Former Chairman of the ABA
Former Chairman of the Australian Broadcasting Authority, Professor David Flint has published numerous journals, articles and books on a range of subjects including international economic law, education, the English language, media law and ethics, freedom of speech, human rights and constitutional law and change.
Professor Flint was Chairman of the Australian Broadcasting Authority from 1997 to 2004, Chairman of the Australian Press Council from 1987 to 1997, and Associate Commissioner for the Australian Competition and Consumer Commission from 1998 to 2004.
He is currently Chairman of the Executive Council of World Association of Press Councils (1992- ); National Convenor, Australians for Constitutional Monarchy (1999- ); President, English Speaking Union NSW Branch (2001- ); Emeritus Professor, University of Technology Sydney (1999); Visiting Professor, Faculty of Law, UWS Macarthur 1998- ); National President (Australia), World Jurists Association (1995- ); Vice-President, International Law Association (Australian Branch) (1997- ); Consulting Editor, Australian International Law Journal (1994- ); Solicitor of the Supreme Court, NSW, (1962- ), England and Wales (1966- ).
His previous appointments include: Convenor, Committee of Australian Law Deans (1989-1993); Dean of Law, University of Technology, Sydney (1987-1996); Director of Studies, International Law Association (Australia & New Zealand branch) (1991-1997); Editor, Australian International Law News (1983-1994); Vice-Chairman Alliance Francaise de Sydney (1983-1984); Member, International Legal Services Council (1990-1996) and Chairman, Prayer Book Society NSW Branch (1998 - 2004).
From 1987-1997, he was the Dean of Law at the University of Technology Sydney. He was also part of the committee to introduce the LLB programme (1976); administered the Faculty of Business and School of Marketing (1978); and was a Member of Council, Member Committee of Review from 1984 to 1986.
During his time as Dean of Law the following programs and initiatives were introduced: Twelve months teaching through Summer and Winter programmes for non-lawyers; the first Australian professional doctorate, the SJD; the first Australian university programmes in Alternative Dispute Resolution; the first Australian offshore units in foreign law schools within law programmes; the incorporation of Practical Legal training into the LL.B, and the introduction of AUSTLII giving open internet access to Australian statute and case law.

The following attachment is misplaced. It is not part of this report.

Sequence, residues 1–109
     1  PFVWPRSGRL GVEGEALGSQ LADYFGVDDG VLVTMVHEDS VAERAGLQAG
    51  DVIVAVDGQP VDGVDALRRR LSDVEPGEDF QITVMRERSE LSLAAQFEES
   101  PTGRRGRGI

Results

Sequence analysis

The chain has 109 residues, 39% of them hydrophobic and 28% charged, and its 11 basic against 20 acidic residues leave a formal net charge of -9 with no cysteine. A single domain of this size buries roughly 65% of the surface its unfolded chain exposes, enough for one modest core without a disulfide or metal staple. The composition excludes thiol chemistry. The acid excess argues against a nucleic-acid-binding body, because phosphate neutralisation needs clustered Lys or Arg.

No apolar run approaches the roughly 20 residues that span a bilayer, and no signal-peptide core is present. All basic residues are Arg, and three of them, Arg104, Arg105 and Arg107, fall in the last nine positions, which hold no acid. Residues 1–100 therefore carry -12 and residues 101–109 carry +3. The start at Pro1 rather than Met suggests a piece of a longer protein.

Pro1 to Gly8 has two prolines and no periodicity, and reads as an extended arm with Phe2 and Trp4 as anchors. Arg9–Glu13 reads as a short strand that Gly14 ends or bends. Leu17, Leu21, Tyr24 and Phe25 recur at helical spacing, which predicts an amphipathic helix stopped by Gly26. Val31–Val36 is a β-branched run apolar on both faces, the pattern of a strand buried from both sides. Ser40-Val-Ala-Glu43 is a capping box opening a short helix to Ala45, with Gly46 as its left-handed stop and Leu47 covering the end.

A prolific writer, David has published numerous books, publications and articles including: The Twilight of The Elites (2003); Australian Republicanism, Sovereignty and The States (2004); The Cane Toad Republic (1999); and Australia, a chapter in Article XIX Report for UNESCO Press, Law and Practice -A Comparative Study of Press Freedom in European and Other Democracies (London, 1993)
In 1991, David was honoured as World Outstanding Legal Scholar by the World Jurists Association. In 1995 he was made a Member of the Order of Australia (AM).
Professor David Flint talks about:
- Australia - the success story of the twentieth century
- A horse and buggy constitution - or the envy of the world?
- Australia's founders knew all about plebiscites - that's why they chose the referendum
- Why English will remain the world language - to Australia's considerable advantage
- Is the price of a free press have to be an irresponsible press?
- Are public figures entitled to privacy?
- How news is made in Australia
- Iraq-was the war justified?
- The United States - a liberator or a danger to world peace
- Who are the elites and what is their agenda?
- Does the law protect privacy and reputation?
- Freedom of the press is not just important - it is essential
- Can the USA impose democracy? Should it?
- Media freedom and responsibility - where do we draw the line?
- The six pillars on which our nation is founded
- A commonwealth without borders
- Sovereignty and international institutions
- Why the glorious revolution remains important today
- Judicial activism - is it a problem?
- Media ownership and control - a dangerous dinosaur?
- Community standards and censorship - a slippery slope?